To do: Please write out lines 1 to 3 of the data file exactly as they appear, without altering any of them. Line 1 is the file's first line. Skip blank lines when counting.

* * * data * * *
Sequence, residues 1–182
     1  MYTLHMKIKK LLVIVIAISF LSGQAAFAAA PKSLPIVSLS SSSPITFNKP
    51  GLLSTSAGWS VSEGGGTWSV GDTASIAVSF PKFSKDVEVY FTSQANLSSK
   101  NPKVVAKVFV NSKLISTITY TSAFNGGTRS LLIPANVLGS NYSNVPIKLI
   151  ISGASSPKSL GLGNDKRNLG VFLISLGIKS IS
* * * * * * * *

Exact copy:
Sequence, residues 1–182
     1  MYTLHMKIKK LLVIVIAISF LSGQAAFAAA PKSLPIVSLS SSSPITFNKP
    51  GLLSTSAGWS VSEGGGTWSV GDTASIAVSF PKFSKDVEVY FTSQANLSSK